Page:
‘It’s as if a couple of jumbo-jets of Western culture crashed into a container-ship of Asia and the wreckage is still settling.’ These words jump out at me as I read over my notes. And it’s true; the Philippines is a cultural conundrum, a Rubik’s Cube of interlaced and interlocked themes, memes, images and sensations.
It’s not like India, where the veneer of Westernism added by a couple of hundred years of British domination is so thin it seems as flimsy as a bride’s veil, yet definitely attached, as if the bride herself is shy about lifting it, nor Thailand, where Western cultural influences seem grafted on, bizarrely co-exiting with something older and fundamentally opposed. Instead, the Philippines is a genuine melting-pot, a sculptor’s crucible where metallic elements are alloyed to make something completely new. The roots of European culture here go deep, deep into the fertile soil of Asia, and the resulting foliage is strange, at once familiar yet surprising.
Indeed, the very familiarity—the ‘Hello sirs’, the public announcements, the fact that bills are called ‘Invoices’, is deeply unsettling. Listening to a couple of Filipinos speaking Taglish, where streams of melodious yet incomprehensible—to me—Tagalog are peppered with phrases in English…blahdeblahdetelevision seriesblahdeblahdeOhdon’tworryblahdeblahdehighspeedinternetconnectionblahdeblahdeyesof course…leaves me more confused than had no words at all been recognisable. And Tagalog, the principal language of this macrocosm, has already adopted huge numbers of Spanish loan-words and phrases…the days of the week, the months, words like ‘pero’, ‘but’…Indeed, while Filipinos speaking English—which they do very well—often claim to have American accents, to my ear, they sound Hispanic. There is something disconcertingly European about this profoundly Asian country.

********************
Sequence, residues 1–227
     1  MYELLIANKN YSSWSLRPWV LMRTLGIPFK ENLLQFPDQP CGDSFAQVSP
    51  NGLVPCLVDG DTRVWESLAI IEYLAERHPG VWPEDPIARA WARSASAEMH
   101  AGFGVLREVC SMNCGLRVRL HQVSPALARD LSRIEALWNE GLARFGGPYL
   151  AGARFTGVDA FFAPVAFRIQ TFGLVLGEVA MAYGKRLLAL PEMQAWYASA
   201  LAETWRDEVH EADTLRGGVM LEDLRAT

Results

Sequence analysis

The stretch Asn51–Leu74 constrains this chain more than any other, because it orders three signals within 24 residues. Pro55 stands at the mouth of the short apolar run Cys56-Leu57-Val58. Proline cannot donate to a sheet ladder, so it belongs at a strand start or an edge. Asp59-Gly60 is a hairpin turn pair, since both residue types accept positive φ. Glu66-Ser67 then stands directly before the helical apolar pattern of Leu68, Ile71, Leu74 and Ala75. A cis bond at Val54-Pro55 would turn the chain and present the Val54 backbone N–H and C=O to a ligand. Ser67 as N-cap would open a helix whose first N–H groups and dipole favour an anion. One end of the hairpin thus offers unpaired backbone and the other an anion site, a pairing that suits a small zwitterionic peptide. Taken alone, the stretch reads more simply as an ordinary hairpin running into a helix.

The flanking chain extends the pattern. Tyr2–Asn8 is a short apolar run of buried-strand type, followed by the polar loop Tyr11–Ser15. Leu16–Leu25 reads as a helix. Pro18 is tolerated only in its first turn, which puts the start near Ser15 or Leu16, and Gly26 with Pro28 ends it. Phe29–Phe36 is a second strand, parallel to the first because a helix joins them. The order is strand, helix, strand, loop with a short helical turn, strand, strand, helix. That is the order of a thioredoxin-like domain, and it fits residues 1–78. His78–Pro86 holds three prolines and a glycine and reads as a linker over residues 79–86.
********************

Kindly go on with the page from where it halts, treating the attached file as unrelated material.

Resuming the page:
The Spanish and other invaders
This is natural, of course. The Spanish colonised these islands in the 16th century and were here for over three hundred years. As well as a delightful accent, they gave the locals the most obvious of the European cultural influences, one that pervades the society: Roman Catholicism. Over 90% of Filipinos are Catholic, and most are devout. Christ is everywhere, on jeepneys, on shops, on tee-shirts…and every street-corner has a church or chapel. Beautiful and ornate but definitely Spanish cathedrals are everywhere, and on Sundays they are rammed. Most have three masses back to back and I have yet to see one where the congregation within the church was not joined by a hundred or so believers outside for whom there was simply not enough room. Indeed, many churches, like that in Manila’s historic Paco Park, have loudspeaker systems so that the priest’s words can be broadcast to the crowds outside.
The Americans helped the Filipinos finally oust the Spanish at the end of the 19th century, but then, like the Saxons invited to protect Britain from Viking attack, they decided to stay a while. Were it not for outbreak of war 1941, which saw yet another wave of colonisation imposed upon the islands, this time by the Japanese, I do believe they would still be here, running the place for their own interests. But after that global catharsis, and the horrific atrocities perpetrated against everyone in the Philippines, Uncle Sam, perhaps surprisingly, packed up, leaving only a few military bases, like the naval port at Subic or the airfield at Clark. The Americans left behind them the tradition of driving on the right, of armed police and security guards, of calling crisps ‘chips’ and chips ‘fries’– and, of course, an education system that operated in English, which is why Filipinos, at least the educated ones, speak it so well.
But deeply-rooted though this European—and American—culture may be, the soil in which it is implanted is unmistakably and forever Asian.